I found a common theme in my postings, decrying all too many gay marriage advocates for substituting name-calling for serious discussion of the issue and urging said advocates to follow the lead of people Jonathan Rauch and make careful arguments for the social change they’re trying to promote.
Less frequently, I discussed the issue of gay marriage as social change. And it is. I don’t think we should shy away from talking about it as such. Some social changes are good things. It would benefit our (the gay) community to understand why marriage has long been the defining social expression of heterosexual love. And why it would be a good thing for the institution to serve a similar role for the expression of same-sex love.
Perhaps, I say that a bit clumsily, and perhaps what I call a “common theme” above is mere repetition. But, if I do repeat myself, it is because I believe I am hammering home a point ofparamount importance — the necessary conversation on gay marriage.
I was flattered that without my prompting, Michelle Malkin so generously excerpted my post chastising those who would rather slur gay marriage opponents than challenge their arguments:
Our society could gain by a serious discussion of gay marriage. Gay people in particular would benefit from such a conversation. Yet, the supposed advocates of this change would rather score points in some imaginary contest with conservatives than make a point about the social benefits of extending the benefits of marriage to same-sex couples.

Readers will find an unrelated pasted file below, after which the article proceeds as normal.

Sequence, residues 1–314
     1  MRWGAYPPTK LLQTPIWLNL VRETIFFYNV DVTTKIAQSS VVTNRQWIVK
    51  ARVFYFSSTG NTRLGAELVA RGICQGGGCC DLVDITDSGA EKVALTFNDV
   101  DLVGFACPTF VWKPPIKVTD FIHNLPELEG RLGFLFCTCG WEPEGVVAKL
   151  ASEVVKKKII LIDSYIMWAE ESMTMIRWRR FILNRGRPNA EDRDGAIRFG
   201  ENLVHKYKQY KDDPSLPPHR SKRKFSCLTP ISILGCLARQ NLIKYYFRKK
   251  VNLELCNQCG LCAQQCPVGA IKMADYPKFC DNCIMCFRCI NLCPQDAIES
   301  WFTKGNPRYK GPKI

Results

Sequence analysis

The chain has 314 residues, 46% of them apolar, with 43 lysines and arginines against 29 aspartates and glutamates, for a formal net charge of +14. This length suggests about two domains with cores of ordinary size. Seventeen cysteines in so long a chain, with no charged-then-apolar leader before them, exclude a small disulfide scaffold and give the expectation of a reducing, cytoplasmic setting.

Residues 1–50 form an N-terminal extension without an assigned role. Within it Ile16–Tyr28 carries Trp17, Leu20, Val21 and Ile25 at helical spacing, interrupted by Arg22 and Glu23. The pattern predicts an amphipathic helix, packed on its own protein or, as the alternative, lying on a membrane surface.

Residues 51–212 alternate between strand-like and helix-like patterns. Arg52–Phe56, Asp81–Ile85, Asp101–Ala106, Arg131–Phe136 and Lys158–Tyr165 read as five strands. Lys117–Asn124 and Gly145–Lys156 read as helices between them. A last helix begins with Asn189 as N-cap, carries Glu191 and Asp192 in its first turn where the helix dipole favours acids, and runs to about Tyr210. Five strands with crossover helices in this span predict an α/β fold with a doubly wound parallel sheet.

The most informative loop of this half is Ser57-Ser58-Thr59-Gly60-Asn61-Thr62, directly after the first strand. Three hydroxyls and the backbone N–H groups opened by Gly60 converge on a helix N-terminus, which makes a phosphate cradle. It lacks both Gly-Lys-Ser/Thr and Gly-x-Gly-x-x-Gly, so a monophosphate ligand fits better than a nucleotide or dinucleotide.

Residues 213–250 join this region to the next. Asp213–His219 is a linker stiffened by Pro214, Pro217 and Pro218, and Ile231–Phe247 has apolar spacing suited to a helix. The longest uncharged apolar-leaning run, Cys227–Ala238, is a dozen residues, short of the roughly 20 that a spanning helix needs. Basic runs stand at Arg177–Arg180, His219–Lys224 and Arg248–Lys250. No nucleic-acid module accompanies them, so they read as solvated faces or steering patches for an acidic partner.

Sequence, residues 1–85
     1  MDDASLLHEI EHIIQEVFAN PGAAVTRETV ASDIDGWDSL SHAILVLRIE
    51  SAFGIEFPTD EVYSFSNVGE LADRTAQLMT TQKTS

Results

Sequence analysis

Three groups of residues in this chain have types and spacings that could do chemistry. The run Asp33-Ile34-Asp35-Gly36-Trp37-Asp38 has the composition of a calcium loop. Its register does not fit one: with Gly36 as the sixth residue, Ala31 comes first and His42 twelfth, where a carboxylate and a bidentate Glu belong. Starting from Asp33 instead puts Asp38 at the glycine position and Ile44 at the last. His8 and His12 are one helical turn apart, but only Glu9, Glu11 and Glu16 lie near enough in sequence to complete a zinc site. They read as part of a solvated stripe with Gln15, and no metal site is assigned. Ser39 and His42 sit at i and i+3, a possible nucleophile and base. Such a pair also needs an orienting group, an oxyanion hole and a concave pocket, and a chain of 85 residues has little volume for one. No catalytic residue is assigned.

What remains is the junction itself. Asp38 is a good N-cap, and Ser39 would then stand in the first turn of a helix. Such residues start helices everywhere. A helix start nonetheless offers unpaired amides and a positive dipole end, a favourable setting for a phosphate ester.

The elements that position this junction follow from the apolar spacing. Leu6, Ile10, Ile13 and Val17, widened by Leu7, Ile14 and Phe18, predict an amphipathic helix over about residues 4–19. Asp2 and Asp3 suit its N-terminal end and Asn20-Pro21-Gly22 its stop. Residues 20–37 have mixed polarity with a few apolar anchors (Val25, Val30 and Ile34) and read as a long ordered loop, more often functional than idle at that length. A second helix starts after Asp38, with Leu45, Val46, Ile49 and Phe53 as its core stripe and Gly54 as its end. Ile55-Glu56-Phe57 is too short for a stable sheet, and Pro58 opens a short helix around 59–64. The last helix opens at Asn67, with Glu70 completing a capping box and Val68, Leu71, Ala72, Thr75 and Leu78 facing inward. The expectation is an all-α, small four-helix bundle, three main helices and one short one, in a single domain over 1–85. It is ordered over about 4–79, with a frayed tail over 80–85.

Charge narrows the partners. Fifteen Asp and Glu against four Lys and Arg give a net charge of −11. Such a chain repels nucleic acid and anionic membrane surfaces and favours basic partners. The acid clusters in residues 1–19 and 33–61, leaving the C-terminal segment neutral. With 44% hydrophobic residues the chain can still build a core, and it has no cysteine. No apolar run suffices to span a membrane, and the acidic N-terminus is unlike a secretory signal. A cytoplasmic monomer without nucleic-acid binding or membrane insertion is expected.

It’s why I believe we need a complete overhaul of leadership of the various gay organizations, particularly those devoted to promoting gay marriage, to replace people who refrain from chastising those who regular paint their adversaries as hate-filled troglodytes with individuals really ready to rumble on the issue.
That is, leaders who recognize that in pushing this social change, they’re “trying to overcome,” in Dale Carpenter’s words, “deeply embedded views about something Americans think is the foundation of responsible family life.” Respect that while some social conservatives harbor much animus against people like us, many, perhaps the great majority, are not so hateful. I believe that some of them can be reached by “gentle suasion,” thoughtful arguments civilly expressed.
It’s that very belief that kept me late one night earlier this week so I could blog on Pete Wehner’s praise for Jonthan Rauch’s essay on marriage. The words of that one-time aide to Bill Bennett showed that broad-minded social conservatives were open to serious arguments on gay marriage.
We just need broaden the conversation. It appears that all too many leading advocates of gay marriage want to avoid that conversation at all costs. They’d prefer to hurl insults and paint all gay marriage opponents with a broad brush, as if the most hateful and vocal opponents define the entire opposition.
By the same token, it would be wrong to let the most hateful and vocal proponents of gay marriage, those who would slur anyone who expresses their support of the traditional definition of marriage, become representative of those who favor this social change. Many (if not most) of those gay couples who do seek state recognition of their unions do understand the meaning of the institution.
They may be best suited to move the conversation we so sorely need in a more civil direction.
When I outlined this post, I had intended to keep it under 300 words, articulating (or perhaps, “repeating”) would be a better word, my primary point on my concerns on gay marriage, but the post grew in the telling.